Water of the Middle East and North Africa

Water Challenges in Lebanon

The Lebanese capital Beirut receives most of its drinking water from the Jeita spring in Mount Lebanon (shown in the background). Photo: Innotata.
The Lebanese capital Beirut receives most of its drinking water from the Jeita Spring in Mount Lebanon (shown in the background). Photo: Innotata.

The Lebanese water sector faces many challenges, which are further compounded by the weak institutional and regulatory framework. Outlined below are some of the main issues:

  • Natural water imbalance: Precipitation is largely concentrated during three months in the winter, while demand is highest in the dry summer months. As Lebanon has few dams or other storage facilities, much of this water flows to the sea without being used.

  • Rapidly rising demand: Projections show that water use is likely to increase considerably in the future as a result of population increase and urban sprawl. This will further strain water resources.

  • Inefficient public water distribution system: Despite considerable investments, supply is still frequently interrupted and network coverage is inconsistent across the country. Moreover, the network is badly maintained and often very outdated, so that on average 48% of water is lost through leakage.

  • Poor service delivery performance: Water establishments have been unable to apply key measures to provide a more reliable water supply or to improve their financial viability. With bill collection rates at an average of 47%, they also remain financially unsustainable (Figure 5 and ‘Water Use’).

  • Water pricing: As water is priced at a flat rate, consumers see no reason to save water, while the water establishments have no incentive to spend more on operation and maintenance, such as leak detection and repair.

  • Poor wastewater management: Around 92% of Lebanon’s sewage flows into rivers and the sea untreated. Wastewater management is fragmented, with responsibility for project planning and implementation (treatment facilities and connections to networks) split between the CDR, water establishments and municipalities. The largely donor-driven investment process has resulted in a mismatch between wastewater collection and treatment capacity. Besides the severe pollution of surface and groundwater, the failure to treat wastewater is also a waste of a viable resource, as treated wastewater could be reused in agriculture.

Many of the issues outlined above are caused by the sector’s fragmented institutional and legal framework. Law 221 of 2000 was not accompanied by operational decrees to implement the laws, so that roles and responsibilities are now unclear. For instance, although the legislative framework identifies the Ministry of Energy and Water as the central institution in the water sector, its role still overlaps with that of the CDR when it comes to the construction of infrastructure projects. This can lead to frustrating situations, as in the case of a number of wastewater treatment plants which were built by the CDR but are not operational because the network systems around them, which should be provided by the water establishments, have not been built.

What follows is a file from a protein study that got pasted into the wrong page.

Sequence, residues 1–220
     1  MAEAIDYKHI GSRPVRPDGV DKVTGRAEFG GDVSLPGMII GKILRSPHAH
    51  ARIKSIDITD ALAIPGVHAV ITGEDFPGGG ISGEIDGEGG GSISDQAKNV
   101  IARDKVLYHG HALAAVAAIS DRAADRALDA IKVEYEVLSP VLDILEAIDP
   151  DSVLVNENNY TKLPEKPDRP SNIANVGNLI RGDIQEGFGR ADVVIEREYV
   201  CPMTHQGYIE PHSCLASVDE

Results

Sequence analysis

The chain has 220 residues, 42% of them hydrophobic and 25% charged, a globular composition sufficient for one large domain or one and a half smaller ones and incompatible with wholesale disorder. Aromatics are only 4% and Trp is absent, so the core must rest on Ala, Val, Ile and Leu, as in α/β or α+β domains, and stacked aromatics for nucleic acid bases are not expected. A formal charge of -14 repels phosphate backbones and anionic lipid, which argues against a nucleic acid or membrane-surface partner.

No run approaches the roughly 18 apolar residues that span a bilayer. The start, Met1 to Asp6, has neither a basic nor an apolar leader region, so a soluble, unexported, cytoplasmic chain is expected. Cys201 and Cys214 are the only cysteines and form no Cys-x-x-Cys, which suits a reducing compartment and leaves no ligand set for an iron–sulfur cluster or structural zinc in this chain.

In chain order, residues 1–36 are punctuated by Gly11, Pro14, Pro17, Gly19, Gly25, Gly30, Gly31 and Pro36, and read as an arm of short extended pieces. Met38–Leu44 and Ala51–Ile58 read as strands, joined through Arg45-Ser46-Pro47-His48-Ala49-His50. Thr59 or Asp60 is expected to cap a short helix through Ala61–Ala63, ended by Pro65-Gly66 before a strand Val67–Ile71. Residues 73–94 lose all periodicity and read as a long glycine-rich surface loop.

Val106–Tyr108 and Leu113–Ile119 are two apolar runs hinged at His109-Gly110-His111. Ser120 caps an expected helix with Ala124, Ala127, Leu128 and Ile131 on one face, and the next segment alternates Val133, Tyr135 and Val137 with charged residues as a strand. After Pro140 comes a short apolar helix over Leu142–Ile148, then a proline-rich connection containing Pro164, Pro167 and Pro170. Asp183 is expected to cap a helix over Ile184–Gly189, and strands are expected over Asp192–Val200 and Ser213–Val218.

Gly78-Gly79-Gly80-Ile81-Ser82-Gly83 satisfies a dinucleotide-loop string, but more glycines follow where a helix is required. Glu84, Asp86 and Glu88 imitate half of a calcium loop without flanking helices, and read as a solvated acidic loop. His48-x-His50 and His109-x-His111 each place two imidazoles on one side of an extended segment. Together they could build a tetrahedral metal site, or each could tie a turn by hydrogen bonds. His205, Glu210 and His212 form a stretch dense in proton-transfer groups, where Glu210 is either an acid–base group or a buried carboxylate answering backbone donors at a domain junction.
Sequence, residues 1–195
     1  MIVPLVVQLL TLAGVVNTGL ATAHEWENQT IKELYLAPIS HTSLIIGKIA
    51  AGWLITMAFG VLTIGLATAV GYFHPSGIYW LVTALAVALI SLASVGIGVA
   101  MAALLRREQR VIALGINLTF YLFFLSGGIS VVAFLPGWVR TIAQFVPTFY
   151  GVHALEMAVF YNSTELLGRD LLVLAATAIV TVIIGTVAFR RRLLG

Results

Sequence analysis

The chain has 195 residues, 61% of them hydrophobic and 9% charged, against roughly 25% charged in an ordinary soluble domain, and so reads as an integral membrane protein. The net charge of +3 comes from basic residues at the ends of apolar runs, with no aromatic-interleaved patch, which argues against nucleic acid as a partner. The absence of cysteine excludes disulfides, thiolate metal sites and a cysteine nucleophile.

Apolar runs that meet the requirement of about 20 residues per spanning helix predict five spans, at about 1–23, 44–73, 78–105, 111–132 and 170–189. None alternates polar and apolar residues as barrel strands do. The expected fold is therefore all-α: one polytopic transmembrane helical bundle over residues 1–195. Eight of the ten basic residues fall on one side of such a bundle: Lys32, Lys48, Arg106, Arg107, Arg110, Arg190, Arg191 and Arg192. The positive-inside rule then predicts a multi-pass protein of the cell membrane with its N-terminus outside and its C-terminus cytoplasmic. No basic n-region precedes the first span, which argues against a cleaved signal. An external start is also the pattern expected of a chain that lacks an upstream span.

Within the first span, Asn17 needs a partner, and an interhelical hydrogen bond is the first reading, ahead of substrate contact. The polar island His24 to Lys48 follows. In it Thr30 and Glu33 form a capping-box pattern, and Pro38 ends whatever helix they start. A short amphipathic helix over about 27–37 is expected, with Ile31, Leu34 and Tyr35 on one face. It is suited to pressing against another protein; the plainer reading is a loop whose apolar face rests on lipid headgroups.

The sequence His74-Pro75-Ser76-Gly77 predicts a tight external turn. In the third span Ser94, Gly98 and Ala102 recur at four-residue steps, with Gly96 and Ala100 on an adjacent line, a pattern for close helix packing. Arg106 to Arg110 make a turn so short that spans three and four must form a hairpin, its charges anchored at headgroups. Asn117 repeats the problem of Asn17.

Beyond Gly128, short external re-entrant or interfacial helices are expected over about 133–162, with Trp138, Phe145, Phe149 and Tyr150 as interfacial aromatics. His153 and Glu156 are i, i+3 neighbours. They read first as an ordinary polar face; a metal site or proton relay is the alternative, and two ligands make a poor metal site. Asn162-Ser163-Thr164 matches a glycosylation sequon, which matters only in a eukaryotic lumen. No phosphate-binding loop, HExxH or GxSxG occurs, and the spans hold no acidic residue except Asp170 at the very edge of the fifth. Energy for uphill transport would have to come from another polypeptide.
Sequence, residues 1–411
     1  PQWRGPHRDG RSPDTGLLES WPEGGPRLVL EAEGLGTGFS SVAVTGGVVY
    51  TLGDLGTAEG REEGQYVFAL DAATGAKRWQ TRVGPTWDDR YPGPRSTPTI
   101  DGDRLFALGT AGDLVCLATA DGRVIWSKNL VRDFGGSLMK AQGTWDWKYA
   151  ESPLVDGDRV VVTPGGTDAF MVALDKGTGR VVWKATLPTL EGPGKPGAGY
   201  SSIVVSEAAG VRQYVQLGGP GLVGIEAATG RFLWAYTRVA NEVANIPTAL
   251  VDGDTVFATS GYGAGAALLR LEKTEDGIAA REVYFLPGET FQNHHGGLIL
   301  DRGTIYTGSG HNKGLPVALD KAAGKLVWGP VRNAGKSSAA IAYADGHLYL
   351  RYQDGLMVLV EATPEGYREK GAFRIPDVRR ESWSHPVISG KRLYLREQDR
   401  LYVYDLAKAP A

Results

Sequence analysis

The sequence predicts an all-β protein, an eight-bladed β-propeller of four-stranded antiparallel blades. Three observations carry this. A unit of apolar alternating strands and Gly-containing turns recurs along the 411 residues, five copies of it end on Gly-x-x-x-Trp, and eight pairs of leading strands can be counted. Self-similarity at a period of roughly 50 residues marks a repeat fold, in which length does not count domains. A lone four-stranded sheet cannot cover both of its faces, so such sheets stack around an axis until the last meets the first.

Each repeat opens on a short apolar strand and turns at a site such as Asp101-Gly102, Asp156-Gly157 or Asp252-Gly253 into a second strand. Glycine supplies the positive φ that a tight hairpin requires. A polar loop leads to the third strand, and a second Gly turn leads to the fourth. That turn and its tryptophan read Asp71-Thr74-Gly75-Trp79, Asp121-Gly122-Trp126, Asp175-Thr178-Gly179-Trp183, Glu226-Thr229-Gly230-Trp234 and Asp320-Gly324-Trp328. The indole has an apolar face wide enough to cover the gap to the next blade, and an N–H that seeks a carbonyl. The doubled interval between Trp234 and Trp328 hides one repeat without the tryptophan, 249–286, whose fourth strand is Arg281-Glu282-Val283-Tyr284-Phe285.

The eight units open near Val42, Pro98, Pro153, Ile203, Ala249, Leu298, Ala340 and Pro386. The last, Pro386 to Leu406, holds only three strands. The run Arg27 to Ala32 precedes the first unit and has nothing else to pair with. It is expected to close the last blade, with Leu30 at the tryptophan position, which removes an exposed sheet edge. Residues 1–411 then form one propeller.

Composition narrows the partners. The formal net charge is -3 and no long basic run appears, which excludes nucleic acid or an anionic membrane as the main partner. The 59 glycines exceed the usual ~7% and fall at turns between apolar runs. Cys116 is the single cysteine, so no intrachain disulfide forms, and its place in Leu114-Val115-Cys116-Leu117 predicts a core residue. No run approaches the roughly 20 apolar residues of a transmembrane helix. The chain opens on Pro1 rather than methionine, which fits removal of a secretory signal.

Additional challenges to Lebanon’s water sector include:

  • Frequent political change: The highly politicized environment in the country further complicates matters, as each new government brings with it a new approach to water-sector coordination and implementation of projects. While numerous water management plans and strategies have been developed over recent decades, most were never effectively implemented.

  • Budget shortfalls: The Ministry of Finance often puts transactions on hold due to budget deficits. In certain cases funds are not released or delayed due to political divergences between the Ministry of Finance and other ministries.

  • Lack of capacity: Understaffing and a lack of technical expertise are ongoing issues at the government level. The Ministry of Energy and Water is seriously understaffed, with less than 20% of established positions filled.[1] This is also the case for water establishments.

  • Weak regulatory framework: Ongoing failure to enforce water laws leads to illegal dumping of untreated water, uncontrolled water abstractions (e.g. through illegal wells) and the flourishing of unlawful practices such as the distribution of water from water tankers.

  • Lack of accurate data: There is limited information on the quality and quantity of available water resources, and little or no sharing between institutions.

  • Geopolitical context: The conflict with Israel on the one hand and the ongoing unrest in Syria on the other make it difficult to develop Lebanon’s shared water resources (see ‘Shared Water Resources‘). The conflict in Syria has also driven more than a million refugees into Lebanon, which puts further strain on water resources, sanitation services and food security.

  • Climate change: This is an emerging issue which is expected to heavily impact future resource availability.[2]

[1] MEW, 2010.
[2] Sources for this section: The World Bank, 2012; Brouma, 2012; IFI, 2015; L’Orient Le Jour, 2014a; LCPS, 2014; The Daily Star, 2013; The World Bank, 2014; L’hebdo, 2014; Reliefweb, 2014.